Browsing News Entries

Pope Francis: ‘My heart is broken’ over Texas elementary school shooting

Pope Francis prays with journalists on the papal flight en route to South Korea on Aug. 14, 2014. / Alan Holdren/CNA.

Vatican City, May 25, 2022 / 03:08 am (CNA).

Pope Francis said on Wednesday that his heart was broken by the killing of at least 19 children and two adults at an elementary school in Texas.

Speaking at the end of his general audience in St. Peter’s Square on May 25, he said: “My heart is broken for the massacre at the elementary school in Texas. I am praying for the children and the adults killed and their families.”

“It is time to say enough to the indiscriminate trafficking of weapons. Let us all work hard so that such tragedies can never happen again.”

His words were greeted with applause by pilgrims.

The pope was speaking after a gunman opened fire at Robb Elementary School in Uvalde, southwest Texas, on May 24, killing 21 people.

Texas Governor Greg Abbott said that officers were believed to have killed the shooter, a local 18-year-old identified as Salvador Ramos.

U.S. Ambassador to the Holy See Joe Donnelly said on May 25: "We are witnessing a sickness, and the face of evil. We continue to pray for these blessed children and other wonderful people who were killed and their families. We are crushed by this loss."

Ambassador Chiara Porro, the Australian ambassador to the Holy See, responded: "Australia grieves with you. Our heartfelt condolences to all those affected by the horrific shootings."

”The U.S. Conference of Catholic Bishops (USCCB) said on May 24 that the country was facing an “epidemic of evil and violence.”

“There have been too many school shootings, too much killing of the innocent,” said the USCCB’s public affairs director Chieko Noguchi in a statement.

“Our Catholic faith calls us to pray for those who have died and to bind the wounds of others, and we join our prayers along with the community in Uvalde and Archbishop Gustavo García-Siller.”

“As we do so, each of us also needs to search our souls for ways that we can do more to understand this epidemic of evil and violence and implore our elected officials to help us take action.”

Hours before the general audience, Archbishop Garcia-Siller appealed to Pope Francis to pray for the victims of the shooting in his San Antonio archdiocese.

He tweeted: “Holy Father Pope Francis, say some prayers for the souls of our little ones killed today and two teachers. Uvalde is in mourning. The families are having a very dark time. Your prayer will do good to them.”

He added in Spanish: “Gracias por ayudarnos. Queremos ser como Jesús. Cuente con nuestra oración” (“Thank you for helping us. We want to be like Jesus. Count on our prayers”).

Texas elementary school shooting: US Catholic bishops lament ‘epidemic of evil and violence’

State troopers stand outside of Robb Elementary School in Uvalde, Texas, on May 24, 2022. - An 18-year-old gunman killed 14 children and a teacher at an elementary school in Texas on Tuesday, according to the state's governor, in the nation's deadliest school shooting in years. / Allison Dinner/AFP via Getty Images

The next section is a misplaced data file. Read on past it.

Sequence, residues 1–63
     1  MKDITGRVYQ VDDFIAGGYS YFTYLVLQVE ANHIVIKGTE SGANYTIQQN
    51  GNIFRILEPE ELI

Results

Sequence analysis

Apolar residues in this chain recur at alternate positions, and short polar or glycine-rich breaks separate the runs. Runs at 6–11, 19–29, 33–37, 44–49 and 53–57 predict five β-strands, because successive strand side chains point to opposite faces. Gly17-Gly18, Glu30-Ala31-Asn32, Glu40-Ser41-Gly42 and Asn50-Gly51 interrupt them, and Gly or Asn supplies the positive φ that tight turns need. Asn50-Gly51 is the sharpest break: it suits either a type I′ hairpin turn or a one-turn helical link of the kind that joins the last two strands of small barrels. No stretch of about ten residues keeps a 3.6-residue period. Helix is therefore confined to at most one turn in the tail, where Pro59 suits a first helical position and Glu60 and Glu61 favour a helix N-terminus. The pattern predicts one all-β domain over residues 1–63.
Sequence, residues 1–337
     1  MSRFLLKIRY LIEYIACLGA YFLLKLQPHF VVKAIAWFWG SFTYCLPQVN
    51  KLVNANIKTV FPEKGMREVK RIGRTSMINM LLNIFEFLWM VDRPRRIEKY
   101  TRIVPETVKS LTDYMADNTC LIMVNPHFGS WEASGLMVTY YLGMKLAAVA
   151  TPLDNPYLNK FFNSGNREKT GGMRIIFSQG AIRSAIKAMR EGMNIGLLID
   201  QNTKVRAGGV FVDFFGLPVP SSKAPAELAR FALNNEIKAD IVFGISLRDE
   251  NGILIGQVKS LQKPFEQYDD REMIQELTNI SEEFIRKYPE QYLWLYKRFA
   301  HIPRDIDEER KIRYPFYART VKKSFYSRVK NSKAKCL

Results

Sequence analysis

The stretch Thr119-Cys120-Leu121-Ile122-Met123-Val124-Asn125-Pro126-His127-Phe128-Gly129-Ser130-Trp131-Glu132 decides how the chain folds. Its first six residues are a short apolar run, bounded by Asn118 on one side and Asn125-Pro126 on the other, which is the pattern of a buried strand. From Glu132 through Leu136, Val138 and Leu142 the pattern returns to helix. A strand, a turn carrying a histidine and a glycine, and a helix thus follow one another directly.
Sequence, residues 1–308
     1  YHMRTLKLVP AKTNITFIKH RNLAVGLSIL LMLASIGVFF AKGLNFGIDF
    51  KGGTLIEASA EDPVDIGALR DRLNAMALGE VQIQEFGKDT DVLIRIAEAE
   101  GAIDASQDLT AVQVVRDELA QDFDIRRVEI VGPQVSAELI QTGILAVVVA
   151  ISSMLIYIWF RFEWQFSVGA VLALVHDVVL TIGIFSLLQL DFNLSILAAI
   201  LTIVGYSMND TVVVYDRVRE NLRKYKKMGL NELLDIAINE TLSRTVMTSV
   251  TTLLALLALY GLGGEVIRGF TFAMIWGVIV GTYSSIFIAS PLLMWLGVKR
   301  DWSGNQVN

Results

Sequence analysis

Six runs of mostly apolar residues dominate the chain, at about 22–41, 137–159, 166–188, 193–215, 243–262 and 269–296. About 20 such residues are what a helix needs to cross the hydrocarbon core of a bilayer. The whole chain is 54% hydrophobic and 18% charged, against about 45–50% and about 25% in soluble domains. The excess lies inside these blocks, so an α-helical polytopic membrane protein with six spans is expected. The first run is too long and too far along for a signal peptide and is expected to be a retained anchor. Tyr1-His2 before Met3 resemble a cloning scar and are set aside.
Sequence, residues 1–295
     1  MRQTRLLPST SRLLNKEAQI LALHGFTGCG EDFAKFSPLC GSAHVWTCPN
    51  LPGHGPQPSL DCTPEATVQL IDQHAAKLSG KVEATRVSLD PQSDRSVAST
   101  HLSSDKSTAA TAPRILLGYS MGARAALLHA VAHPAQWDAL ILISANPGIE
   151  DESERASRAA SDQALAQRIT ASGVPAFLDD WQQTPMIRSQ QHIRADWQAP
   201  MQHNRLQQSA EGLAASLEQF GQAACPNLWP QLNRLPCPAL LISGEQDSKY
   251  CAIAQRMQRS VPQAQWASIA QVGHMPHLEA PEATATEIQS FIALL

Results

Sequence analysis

Washington, D.C. Newsroom, May 25, 2022 / 02:45 am (CNA).

The U.S. Catholic bishops said on Tuesday that the country was facing an “epidemic of evil and violence” after a gunman killed 19 children and two adults at an elementary school in Texas.

In a statement issued on May 24, the U.S. Conference of Catholic Bishops (USCCB) urged citizens to “implore our elected officials to help us take action.”

The USCCB issued the statement after a gunman opened fire at Robb Elementary School in Uvalde, southwest Texas, killing 21 people.

Texas Governor Greg Abbott said that officers were believed to have killed the shooter, a local 18-year-old identified as Salvador Ramos.

The statement from the USCCB’s public affairs director Chieko Noguchi said: “There have been too many school shootings, too much killing of the innocent. Our Catholic faith calls us to pray for those who have died and to bind the wounds of others, and we join our prayers along with the community in Uvalde and Archbishop Gustavo García-Siller.”

“As we do so, each of us also needs to search our souls for ways that we can do more to understand this epidemic of evil and violence and implore our elected officials to help us take action.”

Responding to the shooting on May 24, San Antonio Archbishop Gustavo Garcia-Siller tweeted: “God have mercy on our children, their families, their communities. Darkness is dense with one more shooting in our country.”

“Let us help one another to spark light and warmth. May we keep each other in company. Prayers are needed.”

The U.S. bishops deplored mass shootings in New York State and California earlier this month.

In a May 16 statement, the USSCB said that it continued to “advocate for an end to violence,” citing the Church’s consistent appeals for “rational yet effective forms of regulation of dangerous weapons.”

The USCCB spoke out after a gunman killed 10 people and injured three others on May 14 at a supermarket in Buffalo, New York, and a shooter killed one person and wounded five others on May 15 at a church in Laguna Woods, California.

Pope Francis Calls for a Christian Economy Based on Community

cna

America Loses Its Only Trappist Brewery, Amid Competitive Beer Market

cna

The One-Word Answer to What’s Wrong With Christianity

commentary

Central American Bishops Support Nicaraguan Clergy in Face of Persecution

cna

The Vatican Finance Trial is Shedding Light on the Secretariat of State

cna